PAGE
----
The NBA takes a physical toll on power forwards which creates a cruel quandary. By the time players figure out all of the keys to succeed in the league, the athletic body blessed with big hops and quickness is diminished.
As a young, talented player out of Xavier, David West arrived in the league full of game and confidence. He quickly learned there is more to the NBA game than scoring buckets through one's physical gifts.
The mind becomes as valuable as the feet and hands offering ways to nullify a physical disadvantage through smart play. Scouting an opponent to know when and where he likes the ball. Using leverage and making contact to keep a leaper grounded and off balance. Then understanding where you succeed with the ball and working to carve out that position to attack. All lessons learned the hard way in the NBA.
Veteran bigs delivered those lessons to D-West and now that he has all of that knowledge he's happy to offer the young fellas making noise in the league some tough lessons.
"It's a part of the cycle of the NBA," West said. "As you get older you get stronger. You learn how to manipulate these games one after the other and meet the different challenges that each guy poses."
On paper, West matching up with Serge Ibaka, Kenneth Faried, Thaddeus Young, Tristan Thompson and most recently, Anthony Davis may appear to be a tough assignment for the old pro. Those guys are long, athletic and can drive opponents nuts with their relentless play. But they don't know how to "manipulate" the game yet, like West does.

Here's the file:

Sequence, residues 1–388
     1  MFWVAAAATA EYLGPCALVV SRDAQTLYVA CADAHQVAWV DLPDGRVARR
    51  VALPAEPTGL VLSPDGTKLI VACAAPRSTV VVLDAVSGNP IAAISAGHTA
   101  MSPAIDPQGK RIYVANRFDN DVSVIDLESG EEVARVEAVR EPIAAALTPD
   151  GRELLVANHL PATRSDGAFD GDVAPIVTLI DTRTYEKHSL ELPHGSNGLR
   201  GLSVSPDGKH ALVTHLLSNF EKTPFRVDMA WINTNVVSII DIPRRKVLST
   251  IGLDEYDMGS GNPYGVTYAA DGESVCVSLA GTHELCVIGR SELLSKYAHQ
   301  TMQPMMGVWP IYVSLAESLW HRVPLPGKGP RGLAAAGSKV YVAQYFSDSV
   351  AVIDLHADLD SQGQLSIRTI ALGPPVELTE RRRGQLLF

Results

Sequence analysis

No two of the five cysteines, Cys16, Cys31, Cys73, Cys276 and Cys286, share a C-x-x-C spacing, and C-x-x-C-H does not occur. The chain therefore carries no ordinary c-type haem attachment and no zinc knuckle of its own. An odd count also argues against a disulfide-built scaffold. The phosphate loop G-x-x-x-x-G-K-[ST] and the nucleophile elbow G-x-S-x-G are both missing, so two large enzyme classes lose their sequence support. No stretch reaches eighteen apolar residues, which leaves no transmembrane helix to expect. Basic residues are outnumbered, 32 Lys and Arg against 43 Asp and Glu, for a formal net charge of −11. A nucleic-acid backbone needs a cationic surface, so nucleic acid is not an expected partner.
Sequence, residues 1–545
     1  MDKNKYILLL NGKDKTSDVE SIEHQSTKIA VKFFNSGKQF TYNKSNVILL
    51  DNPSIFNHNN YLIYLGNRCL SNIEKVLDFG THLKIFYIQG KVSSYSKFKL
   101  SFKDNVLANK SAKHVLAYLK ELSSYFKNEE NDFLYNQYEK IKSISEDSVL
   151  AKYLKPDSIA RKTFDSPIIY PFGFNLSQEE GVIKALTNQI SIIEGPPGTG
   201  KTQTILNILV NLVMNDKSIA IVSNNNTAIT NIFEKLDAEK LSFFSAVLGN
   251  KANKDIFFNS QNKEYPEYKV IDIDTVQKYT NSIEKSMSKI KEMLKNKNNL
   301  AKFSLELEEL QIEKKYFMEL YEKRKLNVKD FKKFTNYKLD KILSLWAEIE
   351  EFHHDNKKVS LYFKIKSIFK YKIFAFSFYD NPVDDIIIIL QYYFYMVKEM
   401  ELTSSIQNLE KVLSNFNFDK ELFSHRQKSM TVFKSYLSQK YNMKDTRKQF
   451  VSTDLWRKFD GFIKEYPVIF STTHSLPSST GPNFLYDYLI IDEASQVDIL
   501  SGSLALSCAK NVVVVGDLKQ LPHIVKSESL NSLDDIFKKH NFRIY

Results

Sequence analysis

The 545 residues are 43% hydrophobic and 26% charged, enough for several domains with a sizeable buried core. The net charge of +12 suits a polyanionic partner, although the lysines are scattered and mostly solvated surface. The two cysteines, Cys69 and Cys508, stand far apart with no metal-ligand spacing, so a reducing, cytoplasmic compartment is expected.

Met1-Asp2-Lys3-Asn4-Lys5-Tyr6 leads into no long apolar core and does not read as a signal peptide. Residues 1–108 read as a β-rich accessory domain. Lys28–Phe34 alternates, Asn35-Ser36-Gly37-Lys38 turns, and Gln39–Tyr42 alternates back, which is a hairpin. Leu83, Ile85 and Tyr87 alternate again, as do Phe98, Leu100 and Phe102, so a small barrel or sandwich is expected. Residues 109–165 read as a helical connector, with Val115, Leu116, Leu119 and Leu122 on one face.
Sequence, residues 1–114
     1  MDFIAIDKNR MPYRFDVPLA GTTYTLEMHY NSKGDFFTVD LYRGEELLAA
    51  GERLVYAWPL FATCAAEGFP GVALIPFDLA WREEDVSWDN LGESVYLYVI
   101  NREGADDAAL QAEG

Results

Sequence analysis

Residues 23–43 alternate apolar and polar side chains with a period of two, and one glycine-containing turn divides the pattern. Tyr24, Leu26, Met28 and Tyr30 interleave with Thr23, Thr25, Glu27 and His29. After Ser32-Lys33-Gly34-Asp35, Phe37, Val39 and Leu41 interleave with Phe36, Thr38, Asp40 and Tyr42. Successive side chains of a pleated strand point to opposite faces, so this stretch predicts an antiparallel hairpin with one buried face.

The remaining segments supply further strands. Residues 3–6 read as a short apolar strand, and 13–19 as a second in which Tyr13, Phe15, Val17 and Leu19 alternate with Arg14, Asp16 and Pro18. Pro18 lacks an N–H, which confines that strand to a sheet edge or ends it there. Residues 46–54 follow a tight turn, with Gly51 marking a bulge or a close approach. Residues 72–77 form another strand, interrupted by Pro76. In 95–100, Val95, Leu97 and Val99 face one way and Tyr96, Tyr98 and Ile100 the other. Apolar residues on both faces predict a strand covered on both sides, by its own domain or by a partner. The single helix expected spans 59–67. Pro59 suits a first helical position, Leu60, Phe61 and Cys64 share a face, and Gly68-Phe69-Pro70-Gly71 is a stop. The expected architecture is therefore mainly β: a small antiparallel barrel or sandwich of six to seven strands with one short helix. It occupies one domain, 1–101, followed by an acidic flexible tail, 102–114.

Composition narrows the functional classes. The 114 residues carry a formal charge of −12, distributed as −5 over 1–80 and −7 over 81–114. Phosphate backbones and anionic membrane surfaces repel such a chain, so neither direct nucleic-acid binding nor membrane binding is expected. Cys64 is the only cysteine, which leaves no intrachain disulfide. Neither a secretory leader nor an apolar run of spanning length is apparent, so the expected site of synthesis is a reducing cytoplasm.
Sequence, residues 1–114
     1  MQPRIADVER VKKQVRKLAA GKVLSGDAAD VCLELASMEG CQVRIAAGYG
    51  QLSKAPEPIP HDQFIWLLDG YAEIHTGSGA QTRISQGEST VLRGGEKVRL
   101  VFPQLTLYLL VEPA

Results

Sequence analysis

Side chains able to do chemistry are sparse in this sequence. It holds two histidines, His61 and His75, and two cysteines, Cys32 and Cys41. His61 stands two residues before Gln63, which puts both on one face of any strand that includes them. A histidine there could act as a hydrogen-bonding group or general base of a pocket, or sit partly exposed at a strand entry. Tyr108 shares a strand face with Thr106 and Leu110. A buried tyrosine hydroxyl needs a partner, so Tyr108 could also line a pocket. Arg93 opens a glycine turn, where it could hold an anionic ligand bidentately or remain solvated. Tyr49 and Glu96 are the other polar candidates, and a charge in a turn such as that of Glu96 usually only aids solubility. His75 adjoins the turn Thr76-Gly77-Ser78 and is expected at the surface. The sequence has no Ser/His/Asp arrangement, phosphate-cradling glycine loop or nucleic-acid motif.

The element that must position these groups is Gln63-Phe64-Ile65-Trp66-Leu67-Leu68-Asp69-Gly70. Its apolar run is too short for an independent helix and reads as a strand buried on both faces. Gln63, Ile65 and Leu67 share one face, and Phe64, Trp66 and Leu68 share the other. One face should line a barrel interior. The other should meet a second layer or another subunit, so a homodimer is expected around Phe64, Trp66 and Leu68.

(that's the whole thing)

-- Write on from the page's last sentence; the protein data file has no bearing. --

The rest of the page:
"I approach each guy differently, try to understand their tendencies," West said. "Scouting is part of it. Most nights I'm going to be at a disadvantage athletically, but I just try to stay between the basket and the guy I'm guarding and make them try to finish through me and over me as opposed to around me."
Patience and physical play off the ball work wonders. West can go about his work in stealth mode as he did against Denver when Faried repeatedly headed to the other end of the court while looking back at the ref in disbelief with a look that screamed, "Did you see what he just did to me?" The frustrated Faried was never much of a factor.
Against Young and Philadelphia, West had to keep the lengthy forward away from his comfort zone with the ball in position to make a play with his left hand. Young never drew West out behind the arc to take any shots and thus never made a dent in West's game plan to win the matchup by forcing Young to use his weak hand.
West really took advantage of rookie, top overall pick Anthony Davis in New Orleans on Saturday as he threw the Pacers on his back to complete an impressive comeback win. West was relentless in attacking Davis on the offensive end.
The long, bouncy Davis would appear to be a nightmare for West to get clean looks at the rim, but instead the ol' vet repeatedly muscled the wiry Davis out of his comfort zone and off balance to keep him from contesting fade away "jumpers" that were soakin wet for West down the stretch.
West can't help but laugh at times when he's frustrating a young eager opponent and after averaging over 17 points and 8 rebounds through 27 games, West has been laughing a lot this year. But in the life cycle of the NBA, West knows it is just a matter of time before those young guys are passing his lessons on to a new crop of eager bigs trying to figure out how to succeed in the NBA.